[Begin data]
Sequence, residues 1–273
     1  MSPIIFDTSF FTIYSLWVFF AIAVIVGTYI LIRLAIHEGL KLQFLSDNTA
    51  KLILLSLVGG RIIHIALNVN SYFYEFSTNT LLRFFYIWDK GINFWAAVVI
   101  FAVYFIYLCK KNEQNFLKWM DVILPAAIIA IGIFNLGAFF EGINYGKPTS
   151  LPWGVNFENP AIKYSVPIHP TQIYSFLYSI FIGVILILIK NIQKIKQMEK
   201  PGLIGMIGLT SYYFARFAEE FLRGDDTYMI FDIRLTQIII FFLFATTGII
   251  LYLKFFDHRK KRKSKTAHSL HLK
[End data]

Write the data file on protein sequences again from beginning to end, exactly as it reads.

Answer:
Sequence, residues 1–273
     1  MSPIIFDTSF FTIYSLWVFF AIAVIVGTYI LIRLAIHEGL KLQFLSDNTA
    51  KLILLSLVGG RIIHIALNVN SYFYEFSTNT LLRFFYIWDK GINFWAAVVI
   101  FAVYFIYLCK KNEQNFLKWM DVILPAAIIA IGIFNLGAFF EGINYGKPTS
   151  LPWGVNFENP AIKYSVPIHP TQIYSFLYSI FIGVILILIK NIQKIKQMEK
   201  PGLIGMIGLT SYYFARFAEE FLRGDDTYMI FDIRLTQIII FFLFATTGII
   251  LYLKFFDHRK KRKSKTAHSL HLK